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The surest way to gain lots of reputation on Stack Overflow- ask questions
Can there be a badge encouraging answering a certain ratio of questions?

As I understand it, we have the reputation system on SO mainly for two reasons

  • Reward helpful users
  • Indicate a user's experience level

The second item tends to work pretty well most of the time. However, I have noticed occasional extreme disparities between a user's reputation level and experience. This usually occurs in questions but can also occur in answers.

When I notice this, I usually look at the user's page. In every case (in my limited experience) the user has ~10:1 question:answer ratio. In extreme cases I've seen 300-400 (or even 1000) questions with zero answers.

Example: This user has asked ~ 1800 questions and this is their most recent one

The main reason I ask is because I hate wading through horrible questions when I could be answering good ones and I have to at least READ the question before I can determine its quality. It's true that it's just more work - but SO isn't a job. The less work I have to do to find good questions (that deserve an answer) the more questions get answered. And the less cluttered and easier to use the site is.

What would be a good solution?

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    "There should be some obvious indicator of a user's general contribution to the community". Why? What would you do with that indicator? Why not simply evaluate the contribution you're looking at? – Bart Aug 1 '12 at 17:37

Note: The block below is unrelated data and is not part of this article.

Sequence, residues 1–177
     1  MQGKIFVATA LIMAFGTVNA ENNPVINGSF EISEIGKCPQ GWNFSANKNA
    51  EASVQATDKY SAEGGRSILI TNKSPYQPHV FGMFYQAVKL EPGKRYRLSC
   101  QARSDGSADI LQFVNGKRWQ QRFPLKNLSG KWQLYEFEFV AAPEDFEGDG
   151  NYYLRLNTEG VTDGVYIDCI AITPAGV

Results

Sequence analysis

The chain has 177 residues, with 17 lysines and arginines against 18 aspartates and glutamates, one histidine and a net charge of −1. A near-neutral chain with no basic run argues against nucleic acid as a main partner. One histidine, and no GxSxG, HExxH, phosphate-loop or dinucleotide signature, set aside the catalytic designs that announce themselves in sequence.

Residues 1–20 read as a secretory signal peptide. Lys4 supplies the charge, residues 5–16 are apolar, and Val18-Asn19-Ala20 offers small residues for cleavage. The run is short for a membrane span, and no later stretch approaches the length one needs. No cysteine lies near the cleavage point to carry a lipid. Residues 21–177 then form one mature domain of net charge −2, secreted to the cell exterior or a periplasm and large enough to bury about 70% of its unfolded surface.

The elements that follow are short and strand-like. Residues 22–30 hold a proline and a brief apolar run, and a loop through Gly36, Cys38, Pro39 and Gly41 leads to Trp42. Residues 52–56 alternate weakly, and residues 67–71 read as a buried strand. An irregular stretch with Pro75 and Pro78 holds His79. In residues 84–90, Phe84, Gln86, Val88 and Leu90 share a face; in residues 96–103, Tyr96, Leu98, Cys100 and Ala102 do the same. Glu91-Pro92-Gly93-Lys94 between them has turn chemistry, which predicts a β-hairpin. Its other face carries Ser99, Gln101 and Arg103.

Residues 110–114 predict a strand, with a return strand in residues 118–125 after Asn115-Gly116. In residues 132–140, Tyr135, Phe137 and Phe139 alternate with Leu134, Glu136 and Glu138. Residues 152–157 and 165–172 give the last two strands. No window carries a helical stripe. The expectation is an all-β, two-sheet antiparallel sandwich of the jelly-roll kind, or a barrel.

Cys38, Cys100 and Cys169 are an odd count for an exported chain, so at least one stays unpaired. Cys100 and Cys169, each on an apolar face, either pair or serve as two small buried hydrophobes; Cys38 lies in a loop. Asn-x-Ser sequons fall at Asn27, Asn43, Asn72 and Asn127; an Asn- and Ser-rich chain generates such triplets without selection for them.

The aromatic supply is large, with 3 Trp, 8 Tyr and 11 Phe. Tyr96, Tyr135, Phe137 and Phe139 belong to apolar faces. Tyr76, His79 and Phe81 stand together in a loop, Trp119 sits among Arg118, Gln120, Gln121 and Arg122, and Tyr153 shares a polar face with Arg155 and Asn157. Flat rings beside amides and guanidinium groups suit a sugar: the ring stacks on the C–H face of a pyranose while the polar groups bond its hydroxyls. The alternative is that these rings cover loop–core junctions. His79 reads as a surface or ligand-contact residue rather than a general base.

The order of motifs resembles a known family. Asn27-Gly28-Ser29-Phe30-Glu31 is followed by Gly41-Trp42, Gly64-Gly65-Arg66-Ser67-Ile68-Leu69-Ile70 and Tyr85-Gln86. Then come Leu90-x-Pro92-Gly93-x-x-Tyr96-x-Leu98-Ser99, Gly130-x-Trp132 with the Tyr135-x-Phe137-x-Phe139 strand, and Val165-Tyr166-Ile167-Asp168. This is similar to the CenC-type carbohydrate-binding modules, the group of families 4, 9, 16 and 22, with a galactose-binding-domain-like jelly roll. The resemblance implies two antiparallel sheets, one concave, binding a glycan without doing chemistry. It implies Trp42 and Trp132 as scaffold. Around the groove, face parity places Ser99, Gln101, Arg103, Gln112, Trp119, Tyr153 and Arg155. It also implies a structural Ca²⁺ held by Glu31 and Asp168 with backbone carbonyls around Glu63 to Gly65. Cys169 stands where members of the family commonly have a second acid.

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    Contributing questions is contributing to the community, especially if they are good questions. Without questions, what would there be to answer? – Joachim Sauer Aug 1 '12 at 17:38
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    Well, we have tag badges to indicate a user's general experience with a tag, although I just became the first user to receive the gold [css3] tag badge but have never really used CSS transforms, animations, gradients, flexbox, columns, grids, calc(), filters, regions, etc... :( – BoltClock's a Unicorn Aug 1 '12 at 17:40
  • @Bart The same reason reputation is shown on a user's answers. – Dustin Aug 1 '12 at 17:41
  • @JoachimSauer, you're right, I guess I didn't phrase that well. – Dustin Aug 1 '12 at 17:41
  • "The less work I have to do to find good questions (that deserve an answer)" Why do questions from users who have had a lot of upvoted questions deserve an answer any less? – David Robinson Aug 1 '12 at 19:39
  • @David, that's not what I'm saying. It's just that users with enormous numbers of questions and very few answers tend to have a lower quality of questions, and these questions clutter the question feed. I don't know what the solution is but it seems like a problem. – Dustin Aug 1 '12 at 19:51
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    @Dustin: While you did cite one extreme case, I see far more low-quality questions from low-rep users than from high-rep users that ask a lot of questions. – David Robinson Aug 1 '12 at 19:52
  • @David, true. But the high-rep users should know better - there's no way that someone hasn't called them out before. But you may be right that this problem isn't incredibly significant. I just know I tend to run into it once or twice a day. – Dustin Aug 1 '12 at 19:54
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    Anyway, the solution is to downvote those low quality questions. That both decreases the asker's rep, if only very slightly, and more importantly helps get the question off the front page. – David Robinson Aug 1 '12 at 19:56

This is part of the reason why:

  • upvotes on questions only award 5 reputation points to the writer (instead of 10)
  • downvotes on questions are free to the downvoter (downvotes on answers cost -1 to the downvoter)